The new library of Alexandria – the power of Big Data


A term that has been gaining substantial amount of curiosity in the recent past and perhaps one that would keep growing in importance as the era of Internet and the information flow starts to become more widely available, is Big Data. Although the word has been ringing all around me and my place of work for quite sometime, what really triggered my interest are two books that I am currently alternating between – “ The long Tail by Chris Anderson , a book that describes how endless choice is creating unlimited demand, and Big Data by Viktor Mayer Schonberger and Kenneth Cukier, a book that sets forth to describe the concept that would revolutionize the way we live and think.

Wikipedia defines big data as

a collection of data sets so large and complex that it becomes difficult to process using on-hand database management tools or traditional data processing applications

But perhaps a more fitting definition is one that is described in the book “Big Data” – a large set of data derived from a sample size N where


. The reason I find the latter more befitting is because, data sets do not always have to be big as long as it encompasses the entire world. For e.g. the book describes a study done on the corruption in Sumo Wrestling in Japan . The study collected data from almost 65,000 matches across 7 years in Japan to find a correlation. The data in this case was not as big as one would imagine it to be. But the fact that it “surveyed” the entire set of matches across those 7 years, rather than limiting itself to certain samples from those, made me lean towards calling it a “big data”.

Big data changes the fundamental aspect of life by giving it a quantitative dimension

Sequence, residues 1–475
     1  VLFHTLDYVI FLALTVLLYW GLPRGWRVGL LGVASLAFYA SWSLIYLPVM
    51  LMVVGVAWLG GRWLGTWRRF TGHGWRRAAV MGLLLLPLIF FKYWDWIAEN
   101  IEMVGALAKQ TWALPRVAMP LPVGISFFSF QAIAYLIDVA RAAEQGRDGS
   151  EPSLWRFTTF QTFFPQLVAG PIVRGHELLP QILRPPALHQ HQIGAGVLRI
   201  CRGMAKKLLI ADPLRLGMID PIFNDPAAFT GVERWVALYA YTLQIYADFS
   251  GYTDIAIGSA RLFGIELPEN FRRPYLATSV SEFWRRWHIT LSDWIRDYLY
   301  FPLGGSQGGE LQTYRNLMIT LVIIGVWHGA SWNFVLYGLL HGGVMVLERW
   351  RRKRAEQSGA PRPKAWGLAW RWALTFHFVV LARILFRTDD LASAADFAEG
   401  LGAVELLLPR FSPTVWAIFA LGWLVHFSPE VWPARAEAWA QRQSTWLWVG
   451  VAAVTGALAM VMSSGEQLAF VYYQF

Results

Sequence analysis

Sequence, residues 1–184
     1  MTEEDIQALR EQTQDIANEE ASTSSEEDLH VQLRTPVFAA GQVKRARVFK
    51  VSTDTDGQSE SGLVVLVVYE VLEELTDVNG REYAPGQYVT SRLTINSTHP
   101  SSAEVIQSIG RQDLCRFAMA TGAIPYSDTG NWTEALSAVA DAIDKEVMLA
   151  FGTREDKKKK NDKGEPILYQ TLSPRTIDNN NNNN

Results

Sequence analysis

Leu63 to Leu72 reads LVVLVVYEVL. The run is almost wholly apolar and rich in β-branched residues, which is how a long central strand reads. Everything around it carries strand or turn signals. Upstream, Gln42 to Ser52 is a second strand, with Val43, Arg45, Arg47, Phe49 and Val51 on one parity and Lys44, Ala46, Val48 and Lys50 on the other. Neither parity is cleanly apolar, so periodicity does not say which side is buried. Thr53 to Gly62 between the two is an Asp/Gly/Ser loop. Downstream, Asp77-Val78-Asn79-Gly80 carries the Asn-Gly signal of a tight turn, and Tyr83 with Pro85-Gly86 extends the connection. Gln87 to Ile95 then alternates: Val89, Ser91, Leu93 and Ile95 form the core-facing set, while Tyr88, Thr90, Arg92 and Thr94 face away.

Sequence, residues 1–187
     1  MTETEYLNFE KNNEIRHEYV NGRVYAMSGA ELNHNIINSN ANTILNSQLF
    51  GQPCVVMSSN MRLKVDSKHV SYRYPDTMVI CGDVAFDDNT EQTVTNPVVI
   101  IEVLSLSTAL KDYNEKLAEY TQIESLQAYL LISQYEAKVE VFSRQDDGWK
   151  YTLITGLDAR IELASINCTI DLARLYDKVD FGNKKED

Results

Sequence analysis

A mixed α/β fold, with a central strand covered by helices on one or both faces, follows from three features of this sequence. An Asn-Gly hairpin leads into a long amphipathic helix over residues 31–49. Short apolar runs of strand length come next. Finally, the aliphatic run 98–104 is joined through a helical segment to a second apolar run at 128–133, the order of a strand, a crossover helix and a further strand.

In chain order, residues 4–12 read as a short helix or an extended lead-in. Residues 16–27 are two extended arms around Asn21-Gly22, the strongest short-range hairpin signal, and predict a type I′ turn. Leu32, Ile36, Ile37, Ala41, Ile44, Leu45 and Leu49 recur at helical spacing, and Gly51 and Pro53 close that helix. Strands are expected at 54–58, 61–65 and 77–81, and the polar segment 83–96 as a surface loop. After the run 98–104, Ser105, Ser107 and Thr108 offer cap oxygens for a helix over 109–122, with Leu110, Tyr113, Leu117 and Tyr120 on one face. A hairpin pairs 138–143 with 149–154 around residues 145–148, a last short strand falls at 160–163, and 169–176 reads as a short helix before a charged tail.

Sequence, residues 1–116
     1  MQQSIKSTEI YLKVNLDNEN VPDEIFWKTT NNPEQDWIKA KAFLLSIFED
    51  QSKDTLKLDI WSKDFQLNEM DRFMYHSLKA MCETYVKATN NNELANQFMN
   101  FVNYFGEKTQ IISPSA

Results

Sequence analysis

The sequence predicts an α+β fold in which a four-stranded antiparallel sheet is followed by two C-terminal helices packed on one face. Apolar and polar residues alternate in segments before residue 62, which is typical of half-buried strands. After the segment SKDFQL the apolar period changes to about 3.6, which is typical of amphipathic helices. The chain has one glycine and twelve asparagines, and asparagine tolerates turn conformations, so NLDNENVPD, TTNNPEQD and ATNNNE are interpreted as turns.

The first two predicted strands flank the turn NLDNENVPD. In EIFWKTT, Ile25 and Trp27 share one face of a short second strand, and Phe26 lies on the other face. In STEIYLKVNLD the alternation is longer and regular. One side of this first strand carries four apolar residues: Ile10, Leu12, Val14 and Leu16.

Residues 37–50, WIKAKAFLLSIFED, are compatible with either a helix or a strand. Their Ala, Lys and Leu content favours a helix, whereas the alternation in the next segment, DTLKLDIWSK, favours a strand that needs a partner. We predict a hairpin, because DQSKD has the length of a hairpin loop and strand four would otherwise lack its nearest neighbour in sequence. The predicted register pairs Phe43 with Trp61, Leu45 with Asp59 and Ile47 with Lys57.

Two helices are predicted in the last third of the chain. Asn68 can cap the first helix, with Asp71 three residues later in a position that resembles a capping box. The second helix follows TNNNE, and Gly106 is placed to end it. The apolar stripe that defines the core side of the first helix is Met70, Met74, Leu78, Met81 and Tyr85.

says Viktor and Kenneth in their book. Humans have long tried to quantify several aspects of human behavior in order to gain insights to perform predictive analysis. Now one of the terms that I used in my previous paragraph is of interesting relevance – “survey”. Surveys perhaps were one such primitive form of gathering relevant data. One of the major challenges of a survey was the fact that your sample size is now N < all, which means that you now have the data associated with the population that actually took your survey. The results then become biased to the characteristics of that limited population, which does not neccessarily portray the entirety. As this problem started to evolve, statisticians found that the results were perhaps more accurate if the sample set of the population was chose at random, rather than just increasing the sample size. Studies have shown that extrapolating the survey done on a random sample set yield a more accurate results as compared to a large sample size across a specific set of the population. Now this still does not solve one of the challenges that I'd like to call as active polling vs passive polling. In almost all cases, a survey deals with the study of a specific set of questions answered by a specific group of people or simply put, a survey is an active polling. To truly understand a human behavior, this would prove to be inaccurate especially because when answering a question, humans tend to stop and think. THis can be quite analogous to studying the human nature when interacting with a group of people, by having a tutor or a professor in the group. The mere awareness of a study being conducted could potentially skew the behavior. Whereas, if the same group of people can be "passively" observed, the information gathered can be closer to being accurate. The same can be told about any methods of predictive analysis. Big Data analysis methodologies in my view prove to be far more passive in its ways of polling data and hence tend to lean more towards being accurate.

In the coming weeks, as I wander through the world of Big Data, I plan to post more examples and insights into this amazing field that has been gaining significant relevance in today's world. I plan to talk about one aspect in each of my posts so as to limit yet another challenge of big data, known as information overload! But that does not entirely solve the problem. My plan is also to engage more interaction among my reader to gain more information, as I meander through. Feel free to enthral me with your comments.


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